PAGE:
• Many media companies Digiday spoke to this week suggested they may update their timelines for an in-office return soon.

Local governments are also issuing requirements that introduce more uncertainty among employees. For example, Washington, D.C. has reinstated its mask mandate, requiring even vaccinated people to wear a mask indoors. But it’s not yet clear whether that means Post employees will need to wear masks inside the office.

“I would not like to sit at a desk for eight hours a day wearing a mask… when I have already proved I can work well remotely… I don’t think that’s going to be asked of us, but we don’t know at this point,” said a Post reporter who asked to remain anonymous.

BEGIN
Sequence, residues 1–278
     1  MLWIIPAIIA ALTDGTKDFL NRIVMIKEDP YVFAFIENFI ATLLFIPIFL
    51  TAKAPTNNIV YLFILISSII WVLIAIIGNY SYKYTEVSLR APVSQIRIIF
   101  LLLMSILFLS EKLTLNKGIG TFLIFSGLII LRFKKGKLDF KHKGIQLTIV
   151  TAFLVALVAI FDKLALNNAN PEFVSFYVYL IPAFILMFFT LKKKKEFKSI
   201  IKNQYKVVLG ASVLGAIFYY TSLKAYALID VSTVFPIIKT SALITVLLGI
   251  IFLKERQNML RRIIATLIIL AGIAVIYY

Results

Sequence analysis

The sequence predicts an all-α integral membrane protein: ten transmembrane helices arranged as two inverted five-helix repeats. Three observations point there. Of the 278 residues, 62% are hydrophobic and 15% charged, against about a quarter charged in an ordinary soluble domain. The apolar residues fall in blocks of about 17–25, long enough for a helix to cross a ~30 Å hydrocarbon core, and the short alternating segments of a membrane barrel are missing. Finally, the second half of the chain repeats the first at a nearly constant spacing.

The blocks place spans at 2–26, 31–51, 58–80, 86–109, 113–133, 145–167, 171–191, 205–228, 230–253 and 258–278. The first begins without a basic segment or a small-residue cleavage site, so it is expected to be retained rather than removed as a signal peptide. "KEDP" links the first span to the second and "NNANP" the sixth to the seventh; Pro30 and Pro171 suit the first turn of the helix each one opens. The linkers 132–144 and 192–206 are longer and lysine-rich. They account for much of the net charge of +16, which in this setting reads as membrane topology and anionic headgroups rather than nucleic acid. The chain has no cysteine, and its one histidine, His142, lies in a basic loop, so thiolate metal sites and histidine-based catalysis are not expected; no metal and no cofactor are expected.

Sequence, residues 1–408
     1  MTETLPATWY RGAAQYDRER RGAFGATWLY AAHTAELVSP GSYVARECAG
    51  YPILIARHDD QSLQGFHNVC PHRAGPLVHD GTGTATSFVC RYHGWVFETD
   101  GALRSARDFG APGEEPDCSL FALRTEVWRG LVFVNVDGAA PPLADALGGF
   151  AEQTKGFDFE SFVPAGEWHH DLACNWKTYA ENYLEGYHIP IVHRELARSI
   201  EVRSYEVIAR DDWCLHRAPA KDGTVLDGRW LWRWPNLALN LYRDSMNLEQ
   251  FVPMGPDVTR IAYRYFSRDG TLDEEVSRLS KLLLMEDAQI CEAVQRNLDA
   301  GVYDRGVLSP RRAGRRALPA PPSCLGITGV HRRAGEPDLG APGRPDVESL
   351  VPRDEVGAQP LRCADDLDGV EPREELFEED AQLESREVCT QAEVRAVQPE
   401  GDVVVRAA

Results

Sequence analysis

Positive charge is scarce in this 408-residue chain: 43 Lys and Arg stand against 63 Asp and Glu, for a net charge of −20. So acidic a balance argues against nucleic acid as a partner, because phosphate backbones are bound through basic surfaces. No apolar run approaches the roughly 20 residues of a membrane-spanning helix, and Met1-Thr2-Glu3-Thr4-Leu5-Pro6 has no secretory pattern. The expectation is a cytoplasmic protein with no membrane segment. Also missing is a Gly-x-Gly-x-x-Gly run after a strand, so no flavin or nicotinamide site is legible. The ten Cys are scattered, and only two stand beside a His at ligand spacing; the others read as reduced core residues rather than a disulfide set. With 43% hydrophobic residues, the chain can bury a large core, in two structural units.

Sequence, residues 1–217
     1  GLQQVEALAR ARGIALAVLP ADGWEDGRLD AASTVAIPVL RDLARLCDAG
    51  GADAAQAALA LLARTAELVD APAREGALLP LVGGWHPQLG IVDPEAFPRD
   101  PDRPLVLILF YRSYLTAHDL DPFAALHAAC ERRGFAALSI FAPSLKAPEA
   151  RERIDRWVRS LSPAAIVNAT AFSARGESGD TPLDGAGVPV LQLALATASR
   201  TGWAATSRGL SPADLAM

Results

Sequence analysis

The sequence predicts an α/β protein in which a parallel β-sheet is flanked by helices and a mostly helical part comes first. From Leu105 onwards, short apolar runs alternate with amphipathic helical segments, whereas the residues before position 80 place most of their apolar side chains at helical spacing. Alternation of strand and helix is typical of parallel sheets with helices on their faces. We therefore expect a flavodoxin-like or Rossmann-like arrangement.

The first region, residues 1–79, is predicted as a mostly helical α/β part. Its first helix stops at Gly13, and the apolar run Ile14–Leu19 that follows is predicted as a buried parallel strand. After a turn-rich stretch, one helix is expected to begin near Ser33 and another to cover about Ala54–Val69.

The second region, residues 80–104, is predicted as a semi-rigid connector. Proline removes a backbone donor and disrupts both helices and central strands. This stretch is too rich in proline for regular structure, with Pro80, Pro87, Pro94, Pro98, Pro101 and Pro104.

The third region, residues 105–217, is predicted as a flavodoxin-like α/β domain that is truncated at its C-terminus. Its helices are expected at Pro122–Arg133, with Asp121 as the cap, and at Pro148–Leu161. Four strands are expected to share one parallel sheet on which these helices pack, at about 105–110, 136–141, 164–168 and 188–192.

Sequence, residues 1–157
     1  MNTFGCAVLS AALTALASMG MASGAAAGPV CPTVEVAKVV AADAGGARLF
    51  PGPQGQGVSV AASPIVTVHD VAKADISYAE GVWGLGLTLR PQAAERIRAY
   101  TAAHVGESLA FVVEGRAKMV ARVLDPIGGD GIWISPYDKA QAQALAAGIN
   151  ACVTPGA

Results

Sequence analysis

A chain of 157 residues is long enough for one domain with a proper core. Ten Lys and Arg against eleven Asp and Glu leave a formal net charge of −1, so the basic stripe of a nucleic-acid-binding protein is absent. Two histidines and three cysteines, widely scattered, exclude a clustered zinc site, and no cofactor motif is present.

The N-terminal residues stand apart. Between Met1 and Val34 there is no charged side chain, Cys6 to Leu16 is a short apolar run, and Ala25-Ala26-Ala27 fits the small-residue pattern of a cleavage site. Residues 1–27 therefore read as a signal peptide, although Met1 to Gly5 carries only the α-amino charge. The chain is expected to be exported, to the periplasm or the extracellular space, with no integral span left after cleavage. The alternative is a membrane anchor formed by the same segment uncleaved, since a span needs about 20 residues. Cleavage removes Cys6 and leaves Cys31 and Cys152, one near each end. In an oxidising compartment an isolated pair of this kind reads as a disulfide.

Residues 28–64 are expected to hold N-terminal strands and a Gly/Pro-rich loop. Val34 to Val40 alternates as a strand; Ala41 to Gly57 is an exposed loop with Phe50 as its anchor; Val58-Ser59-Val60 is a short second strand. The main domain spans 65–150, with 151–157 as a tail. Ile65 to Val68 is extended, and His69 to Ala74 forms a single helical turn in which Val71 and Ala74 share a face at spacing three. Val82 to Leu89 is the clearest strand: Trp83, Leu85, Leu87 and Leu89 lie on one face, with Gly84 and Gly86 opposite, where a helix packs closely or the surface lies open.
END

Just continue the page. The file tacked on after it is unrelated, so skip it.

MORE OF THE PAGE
Parents need to plan ahead for a return to the office

The Delta variant makes it hard to plan ahead, especially for parents, said Julia Dennison, digital content director at Parents magazine and the mom of a five-year-old girl. Sorting out child care in places like New York where it’s in “high demand” means parents have to “make solid plans for the next few months, despite the fact that there are these uncertainties,” she said.

For the past 18 months, parents have come up against the “blurred line” between work and life at home, Dennison said. Going back to the office is “appealing” to Dennison, who can once again separate work and family. However, Dennison enjoys the flexibility of working from home. She could arrange her work hours around picking up her daughter from school, and, without a long commute, spending more time with her kid.